22 1-22 Mechanical Desktop Instructor Solved under constrained sketch requiring 2 dimensions or constraints. Select first object: Select the lower horizontal line. Select second object or place dimension: Select the arc. Specify dimension placement: Place the dimension. <default value>: V <default value>: 3.75 Solved under constrained sketch requiring 1 dimension or constraint. Select first object: Select the inclined line. Select second object or place dimension: Select the lower horizontal line. Specify dimension placement: Place the dimension. <0.0000>: N Enter dimension value or [Undo/Placement point] <133>: 135 Solved fully constrained sketch. Select first object: 8. Enter FF at the Command prompt. The final sketch should look similar to the one shown in Figure Save this drawing with the name given below: \MDT Tut\Ch-1\Tut3.dwg Figure 1-27 Final sketch for Tutorial 3

23 Creating, Profiling, Constraining, and Dimensioning the Basic Sketch 1-23 Tutorial 4 In this tutorial you will create the basic sketch for the drawing shown in Figure The dimensions to be used are given in Figure Figure 1-28 Drawing for Tutorial 4 Figure 1-29 Dimensions for Tutorial 4 Step 1: Creating A Rough Sketch 1. Choose Format > Drawing Limits from the Assist menu. The prompt sequence is: Specify lower left corner or [ON/OFF] <0.0000,0.0000>: Specify upper right corner <9.0000, >: 150, Choose the Zoom All button from the Zoom Realtime flyout in the Mechanical View toolbar. 3. Choose Edit Dimensions > Dimension Style from the Annotate menu. 4. Choose the Modify button in the Dimension Style Manager dialog box. 5. Choose the Fit tab. Now set the value of the Use overall scale of spinner to Draw the rough sketch using the PLINE command as shown in Figure Step 2: Converting The Rough Sketch Into A Cleaned-Up Sketch 7. Choose the Single Profile button from the Part Modeling toolbar to profile the rough sketch. 8. If any constraint is missing, apply it by choosing the button of that constraint from the 2D Constraints toolbar and convert it into a cleaned-up sketch, see Figure Step 3: Getting The Desired Sketch From The Cleaned-up Sketch 9. Since it is difficult to understand which line is selected to dimension, therefore, all the lines have been numbered (Figure 1-31). This makes it easier to understand which line is selected to dimension. Now apply the required dimensions to the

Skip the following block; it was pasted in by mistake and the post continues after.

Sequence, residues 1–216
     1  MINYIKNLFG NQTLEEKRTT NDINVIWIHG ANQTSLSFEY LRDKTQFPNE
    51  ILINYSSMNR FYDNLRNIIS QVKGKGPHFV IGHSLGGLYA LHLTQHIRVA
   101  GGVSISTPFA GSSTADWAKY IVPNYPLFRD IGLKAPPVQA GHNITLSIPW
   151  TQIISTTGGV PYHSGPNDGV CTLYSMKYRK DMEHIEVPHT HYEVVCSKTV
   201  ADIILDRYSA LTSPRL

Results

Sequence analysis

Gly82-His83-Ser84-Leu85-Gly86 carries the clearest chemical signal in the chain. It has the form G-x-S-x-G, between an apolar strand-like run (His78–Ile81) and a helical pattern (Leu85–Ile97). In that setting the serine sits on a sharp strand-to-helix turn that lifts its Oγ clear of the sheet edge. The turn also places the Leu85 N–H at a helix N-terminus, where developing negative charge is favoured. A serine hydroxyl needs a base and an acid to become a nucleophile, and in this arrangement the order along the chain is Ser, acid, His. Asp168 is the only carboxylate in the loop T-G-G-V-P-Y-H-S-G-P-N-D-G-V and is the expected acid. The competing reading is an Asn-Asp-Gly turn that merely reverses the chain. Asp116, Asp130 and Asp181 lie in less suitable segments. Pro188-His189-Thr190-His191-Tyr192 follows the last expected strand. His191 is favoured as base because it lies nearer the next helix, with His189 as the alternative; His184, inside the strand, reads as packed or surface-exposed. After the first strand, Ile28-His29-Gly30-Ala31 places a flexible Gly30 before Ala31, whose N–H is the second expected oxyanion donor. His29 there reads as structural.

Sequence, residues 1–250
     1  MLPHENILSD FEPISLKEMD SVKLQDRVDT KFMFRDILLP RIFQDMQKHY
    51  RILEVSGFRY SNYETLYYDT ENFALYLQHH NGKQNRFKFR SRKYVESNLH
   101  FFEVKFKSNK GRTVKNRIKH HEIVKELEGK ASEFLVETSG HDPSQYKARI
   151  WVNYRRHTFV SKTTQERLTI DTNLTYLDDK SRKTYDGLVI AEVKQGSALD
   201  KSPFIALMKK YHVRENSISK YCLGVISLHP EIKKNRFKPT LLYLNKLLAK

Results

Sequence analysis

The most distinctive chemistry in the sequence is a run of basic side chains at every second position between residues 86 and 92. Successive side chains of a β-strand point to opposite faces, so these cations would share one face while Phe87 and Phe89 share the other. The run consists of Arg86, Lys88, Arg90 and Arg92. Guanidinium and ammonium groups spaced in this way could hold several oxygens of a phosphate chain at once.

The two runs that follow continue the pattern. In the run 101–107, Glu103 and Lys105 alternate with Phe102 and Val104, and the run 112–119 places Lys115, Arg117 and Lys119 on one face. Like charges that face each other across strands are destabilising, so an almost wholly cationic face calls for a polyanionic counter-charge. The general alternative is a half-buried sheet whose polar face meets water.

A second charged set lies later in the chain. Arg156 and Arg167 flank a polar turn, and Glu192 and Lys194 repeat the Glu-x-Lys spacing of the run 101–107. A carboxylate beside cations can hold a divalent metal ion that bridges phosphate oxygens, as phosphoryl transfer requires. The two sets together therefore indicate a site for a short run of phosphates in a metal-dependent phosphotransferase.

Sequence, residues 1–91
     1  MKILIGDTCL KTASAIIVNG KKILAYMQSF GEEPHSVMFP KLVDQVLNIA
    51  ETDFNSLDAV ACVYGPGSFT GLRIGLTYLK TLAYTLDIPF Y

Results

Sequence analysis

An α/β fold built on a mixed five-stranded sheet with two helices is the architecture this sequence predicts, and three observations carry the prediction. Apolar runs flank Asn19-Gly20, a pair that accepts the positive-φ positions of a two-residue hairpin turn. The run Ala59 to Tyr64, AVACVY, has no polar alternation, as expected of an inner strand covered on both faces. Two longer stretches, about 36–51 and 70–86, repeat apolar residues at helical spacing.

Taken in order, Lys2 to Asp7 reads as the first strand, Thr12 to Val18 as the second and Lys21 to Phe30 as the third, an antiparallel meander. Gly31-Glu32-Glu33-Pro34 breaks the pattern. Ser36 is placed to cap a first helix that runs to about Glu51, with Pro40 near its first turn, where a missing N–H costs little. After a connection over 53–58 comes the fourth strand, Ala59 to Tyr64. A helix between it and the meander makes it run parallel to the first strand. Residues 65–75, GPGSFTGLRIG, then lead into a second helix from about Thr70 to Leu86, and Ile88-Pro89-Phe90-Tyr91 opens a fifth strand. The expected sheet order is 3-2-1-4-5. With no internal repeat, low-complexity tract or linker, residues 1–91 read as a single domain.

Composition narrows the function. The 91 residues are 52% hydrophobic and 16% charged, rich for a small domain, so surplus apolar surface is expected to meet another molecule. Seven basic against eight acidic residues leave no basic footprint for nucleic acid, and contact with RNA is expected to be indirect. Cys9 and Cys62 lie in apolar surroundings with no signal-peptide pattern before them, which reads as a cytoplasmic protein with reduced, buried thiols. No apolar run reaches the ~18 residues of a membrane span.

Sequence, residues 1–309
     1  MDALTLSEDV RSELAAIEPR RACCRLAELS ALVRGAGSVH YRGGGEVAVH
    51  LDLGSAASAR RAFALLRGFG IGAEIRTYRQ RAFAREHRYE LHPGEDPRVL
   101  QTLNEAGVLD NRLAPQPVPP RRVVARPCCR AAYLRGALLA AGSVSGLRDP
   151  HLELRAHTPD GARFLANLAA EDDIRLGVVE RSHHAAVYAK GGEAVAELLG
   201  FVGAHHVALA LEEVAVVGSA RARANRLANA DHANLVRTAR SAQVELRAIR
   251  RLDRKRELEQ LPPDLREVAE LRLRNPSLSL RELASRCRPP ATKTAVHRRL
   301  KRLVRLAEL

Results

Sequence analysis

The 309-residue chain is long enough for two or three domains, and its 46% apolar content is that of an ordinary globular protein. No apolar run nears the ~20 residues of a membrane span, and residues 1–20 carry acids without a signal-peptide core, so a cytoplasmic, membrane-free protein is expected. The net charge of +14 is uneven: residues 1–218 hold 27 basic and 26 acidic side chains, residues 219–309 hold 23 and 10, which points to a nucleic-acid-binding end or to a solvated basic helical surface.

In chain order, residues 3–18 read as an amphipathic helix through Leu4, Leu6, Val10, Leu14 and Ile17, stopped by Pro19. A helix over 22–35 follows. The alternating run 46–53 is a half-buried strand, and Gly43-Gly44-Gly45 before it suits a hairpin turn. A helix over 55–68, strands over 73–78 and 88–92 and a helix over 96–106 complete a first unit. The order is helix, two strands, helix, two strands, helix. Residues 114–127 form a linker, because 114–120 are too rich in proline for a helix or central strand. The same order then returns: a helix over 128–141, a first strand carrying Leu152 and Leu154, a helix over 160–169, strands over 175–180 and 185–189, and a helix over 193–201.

24 1-24 Mechanical Desktop Instructor Figure 1-30 Rough sketch for Tutorial 4 Figure 1-31 Fully cleaned-up sketch for Tutorial 4 sketch by choosing the New Dimension button from the Power Dimensioning flyout in the Part Modeling toolbar. The prompt sequence is as follows: Select first object: Select line 1. <default value>: 32 Solved under constrained sketch requiring 9 dimensions or constraints. Select first object: Select line 10. <default value>: 110 Solved under constrained sketch requiring 8 dimensions or constraints. Select first object: Select line 9. <default value>: 30 Solved under constrained sketch requiring 7 dimensions or constraints. Select first object: Select line 8. <default value>: 30 Solved under constrained sketch requiring 6 dimensions or constraints. Select first object: Select line 7. Select second object or place dimension: Select line 3. Specify dimension placement: Place the dimension. <default value>: P

25 Creating, Profiling, Constraining, and Dimensioning the Basic Sketch 1-25 <default value>: 10 Solved under constrained sketch requiring 5 dimensions or constraints. Select first object: Select line 6. <default value>: 30 Solved under constrained sketch requiring 4 dimensions or constraints. Select first object: Select line 5. <default value>: 4 Solved under constrained sketch requiring 3 dimensions or constraints. Select first object: Select line 6. Select second object or place dimension: Select line 10. Specify dimension placement: Place the dimension. <default value>: V <default value>: 105 Solved under constrained sketch requiring 2 dimensions or constraints. Select first object: Select line 4. Select second object or place dimension: Select line 3. Specify dimension placement: Place the dimension. <default value>: N Enter dimension value or [Undo/Placement point] <default value>: 105 Tip: Sometimes, when you select two lines to assign the angular dimension and place the dimension, you will be prompted to enter the angle value. In such cases do not enter N at the Command prompt. Instead, enter the angle value directly. Solved under constrained sketch requiring 1 dimensions or constraints. Select first object: Select line 1. Select second object or place dimension: Select line 2. Specify dimension placement: Place the dimension. <default value>: N Enter dimension value or [Undo/Placement point] <default value>: 105 Solved fully constrained sketch. Select first object: 10. Enter FF at the Command prompt. The final sketch for Tutorial 4 should look similar to